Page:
Turners & Growers – Timeline Fog Lifts Further




In April 1970, thirty-three years ago, Foodtown was heading for its 12th store in Auckland, Birkenhead.  Once again, the supermarket chain suggested to Turners & Growers that there might be merit in working together to achieve direct fruit and vegetable deliveries from growers to a Foodtown warehouse for distribution to individual stores.  Jack Turner, who by then had succeeded Sir Harvey Turner as Managing Director felt that “any agreement to arrange direct supplies from growers would be against the wishes of growers…” (Stead, K. One Hundred I’m bid. A Centennial History of Turners & Growers, 1997. ISBN 0473 04169 3. Kestrel Publishing)

The T& G board advised Foodtown that “it was not prepared to agree to its proposal as the board was convinced it would be contrary to the interests of growers, consumers, retailers in general and the company”. (Ibid).

Foodtown responded “that it would continue to try to get whatever fruit and vegetables it could directly from growers themselves.” (Ibid)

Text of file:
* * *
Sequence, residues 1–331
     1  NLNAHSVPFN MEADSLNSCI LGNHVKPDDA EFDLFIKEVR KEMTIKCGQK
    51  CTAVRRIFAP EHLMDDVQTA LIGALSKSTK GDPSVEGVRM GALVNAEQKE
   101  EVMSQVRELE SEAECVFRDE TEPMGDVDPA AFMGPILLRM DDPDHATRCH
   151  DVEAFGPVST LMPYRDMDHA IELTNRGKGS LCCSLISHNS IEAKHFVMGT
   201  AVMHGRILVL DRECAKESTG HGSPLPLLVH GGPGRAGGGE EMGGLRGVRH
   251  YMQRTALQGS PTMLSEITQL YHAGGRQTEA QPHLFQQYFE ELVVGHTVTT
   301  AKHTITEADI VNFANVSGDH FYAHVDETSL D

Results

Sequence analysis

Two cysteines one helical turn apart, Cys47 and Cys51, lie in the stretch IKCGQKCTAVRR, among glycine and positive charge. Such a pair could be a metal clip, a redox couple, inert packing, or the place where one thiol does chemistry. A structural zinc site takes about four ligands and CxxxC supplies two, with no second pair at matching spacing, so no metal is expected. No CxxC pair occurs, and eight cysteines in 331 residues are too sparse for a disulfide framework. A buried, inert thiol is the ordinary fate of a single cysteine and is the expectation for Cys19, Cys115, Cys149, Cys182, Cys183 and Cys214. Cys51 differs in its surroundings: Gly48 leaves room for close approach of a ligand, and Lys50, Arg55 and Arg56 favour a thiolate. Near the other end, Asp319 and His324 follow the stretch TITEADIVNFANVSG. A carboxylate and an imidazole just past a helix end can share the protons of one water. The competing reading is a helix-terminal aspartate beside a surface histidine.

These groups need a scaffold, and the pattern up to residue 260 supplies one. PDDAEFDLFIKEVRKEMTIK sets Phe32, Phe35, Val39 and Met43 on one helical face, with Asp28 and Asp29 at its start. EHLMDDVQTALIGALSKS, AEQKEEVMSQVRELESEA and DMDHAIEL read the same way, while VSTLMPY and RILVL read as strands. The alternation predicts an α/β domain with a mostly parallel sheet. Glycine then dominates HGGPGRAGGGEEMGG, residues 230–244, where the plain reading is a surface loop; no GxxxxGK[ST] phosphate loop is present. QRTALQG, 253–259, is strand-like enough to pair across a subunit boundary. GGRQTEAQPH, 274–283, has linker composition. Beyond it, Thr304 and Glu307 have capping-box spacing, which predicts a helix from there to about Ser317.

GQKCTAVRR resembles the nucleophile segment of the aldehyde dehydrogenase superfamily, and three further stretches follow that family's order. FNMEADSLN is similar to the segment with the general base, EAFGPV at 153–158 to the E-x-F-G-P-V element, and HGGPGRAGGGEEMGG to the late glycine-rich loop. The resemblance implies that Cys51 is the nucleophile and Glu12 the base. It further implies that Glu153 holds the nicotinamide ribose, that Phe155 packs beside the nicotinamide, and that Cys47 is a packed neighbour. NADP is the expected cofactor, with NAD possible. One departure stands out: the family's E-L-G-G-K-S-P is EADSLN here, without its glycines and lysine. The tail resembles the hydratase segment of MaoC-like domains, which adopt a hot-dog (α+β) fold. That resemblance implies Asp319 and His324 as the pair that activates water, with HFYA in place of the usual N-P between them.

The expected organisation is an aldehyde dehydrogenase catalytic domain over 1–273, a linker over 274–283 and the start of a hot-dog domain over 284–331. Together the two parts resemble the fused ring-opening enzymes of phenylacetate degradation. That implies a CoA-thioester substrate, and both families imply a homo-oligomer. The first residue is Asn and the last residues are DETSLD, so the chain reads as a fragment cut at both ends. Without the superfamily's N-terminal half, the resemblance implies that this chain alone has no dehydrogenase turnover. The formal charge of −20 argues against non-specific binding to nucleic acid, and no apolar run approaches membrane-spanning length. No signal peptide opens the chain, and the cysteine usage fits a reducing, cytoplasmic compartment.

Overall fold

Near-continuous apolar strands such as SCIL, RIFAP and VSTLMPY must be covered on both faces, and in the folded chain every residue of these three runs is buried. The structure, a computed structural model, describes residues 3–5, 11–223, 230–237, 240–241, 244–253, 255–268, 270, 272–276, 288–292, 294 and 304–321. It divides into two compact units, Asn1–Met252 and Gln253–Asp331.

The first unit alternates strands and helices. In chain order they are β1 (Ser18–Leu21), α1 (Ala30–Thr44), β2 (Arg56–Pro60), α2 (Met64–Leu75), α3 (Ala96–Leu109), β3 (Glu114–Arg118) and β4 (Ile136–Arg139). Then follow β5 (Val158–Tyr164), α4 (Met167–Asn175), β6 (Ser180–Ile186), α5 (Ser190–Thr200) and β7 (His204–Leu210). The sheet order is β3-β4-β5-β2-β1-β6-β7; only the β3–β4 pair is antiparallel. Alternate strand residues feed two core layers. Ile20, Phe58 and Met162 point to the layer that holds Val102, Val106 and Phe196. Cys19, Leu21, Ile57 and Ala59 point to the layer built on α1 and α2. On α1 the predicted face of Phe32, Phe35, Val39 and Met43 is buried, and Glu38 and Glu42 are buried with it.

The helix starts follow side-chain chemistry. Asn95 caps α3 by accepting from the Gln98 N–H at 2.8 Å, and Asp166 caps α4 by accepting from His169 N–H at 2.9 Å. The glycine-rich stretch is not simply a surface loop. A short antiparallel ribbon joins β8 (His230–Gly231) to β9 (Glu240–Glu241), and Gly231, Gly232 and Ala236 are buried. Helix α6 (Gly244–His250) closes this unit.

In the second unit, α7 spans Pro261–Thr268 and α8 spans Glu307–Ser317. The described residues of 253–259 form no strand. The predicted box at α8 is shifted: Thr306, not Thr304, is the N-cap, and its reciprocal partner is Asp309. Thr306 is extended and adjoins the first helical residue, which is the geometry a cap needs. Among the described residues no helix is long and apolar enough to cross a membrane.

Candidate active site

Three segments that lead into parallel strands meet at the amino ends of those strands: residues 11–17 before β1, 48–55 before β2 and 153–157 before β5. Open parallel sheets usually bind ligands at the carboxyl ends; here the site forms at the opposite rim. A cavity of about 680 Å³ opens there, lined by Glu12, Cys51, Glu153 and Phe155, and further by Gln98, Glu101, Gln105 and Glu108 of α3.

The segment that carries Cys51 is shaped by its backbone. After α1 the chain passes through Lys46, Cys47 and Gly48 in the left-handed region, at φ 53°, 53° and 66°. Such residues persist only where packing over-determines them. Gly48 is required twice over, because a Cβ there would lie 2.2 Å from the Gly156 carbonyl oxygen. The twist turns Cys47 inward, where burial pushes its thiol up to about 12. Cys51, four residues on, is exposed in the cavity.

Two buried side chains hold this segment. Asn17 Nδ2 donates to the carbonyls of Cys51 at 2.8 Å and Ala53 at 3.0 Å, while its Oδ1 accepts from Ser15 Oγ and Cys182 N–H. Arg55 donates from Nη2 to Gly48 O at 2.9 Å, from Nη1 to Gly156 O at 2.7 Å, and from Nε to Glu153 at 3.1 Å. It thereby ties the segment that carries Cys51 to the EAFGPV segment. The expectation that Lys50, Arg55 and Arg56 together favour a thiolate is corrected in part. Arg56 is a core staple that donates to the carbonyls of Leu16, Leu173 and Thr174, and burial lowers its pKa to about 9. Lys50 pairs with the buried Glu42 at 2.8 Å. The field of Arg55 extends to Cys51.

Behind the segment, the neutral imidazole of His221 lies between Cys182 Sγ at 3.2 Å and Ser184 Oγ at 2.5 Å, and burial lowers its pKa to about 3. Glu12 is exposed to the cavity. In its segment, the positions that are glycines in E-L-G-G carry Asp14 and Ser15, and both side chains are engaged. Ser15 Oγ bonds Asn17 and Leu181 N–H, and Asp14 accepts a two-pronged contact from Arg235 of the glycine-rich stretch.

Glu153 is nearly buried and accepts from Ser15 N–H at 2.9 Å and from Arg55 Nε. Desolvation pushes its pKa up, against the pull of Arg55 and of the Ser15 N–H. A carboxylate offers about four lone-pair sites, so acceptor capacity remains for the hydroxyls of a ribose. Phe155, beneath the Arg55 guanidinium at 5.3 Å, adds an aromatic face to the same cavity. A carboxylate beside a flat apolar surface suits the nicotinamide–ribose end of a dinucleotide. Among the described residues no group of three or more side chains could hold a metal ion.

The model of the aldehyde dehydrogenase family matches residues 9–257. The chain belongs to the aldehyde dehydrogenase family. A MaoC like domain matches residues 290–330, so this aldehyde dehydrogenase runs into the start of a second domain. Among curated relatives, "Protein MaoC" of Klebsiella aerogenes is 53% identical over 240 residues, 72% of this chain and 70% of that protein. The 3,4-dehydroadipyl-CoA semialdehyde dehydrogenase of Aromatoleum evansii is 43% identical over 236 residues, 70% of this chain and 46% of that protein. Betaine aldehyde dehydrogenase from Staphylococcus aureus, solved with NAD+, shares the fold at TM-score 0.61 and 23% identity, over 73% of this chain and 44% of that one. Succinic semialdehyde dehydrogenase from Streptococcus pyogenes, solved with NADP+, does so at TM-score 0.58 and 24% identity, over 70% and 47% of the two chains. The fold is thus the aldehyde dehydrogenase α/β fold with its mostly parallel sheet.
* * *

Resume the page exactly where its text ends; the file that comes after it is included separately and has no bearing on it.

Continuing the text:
And so the battle lines were drawn.

On one hand, the traditional produce wholesale company which had by then successfully been in business for half a century.  In the opposite corner, a business which had barely started a dozen years earlier and already threatened to disturb the industry fabric. Judged from a given point in time in, say 1970, one can understand the Turners & Growers perspective.  The system was working.  It was not broken.  Therefore no need to fix it.

From the supermarket’s point of view though, the system was already beginning to fray at the edges.  Getting produce to twelve stores every morning came with its challenges and being able to take possession of that produce the night before would have been a lot easier as the auction process itself was not very efficient.  Here is a description from the Auckland Fruiterers Association site.

Foodtown therefore quietly continued to build a core group of growers prepared to deliver some produce direct whilst maintaining a daily presence at the auction markets.

to be continued


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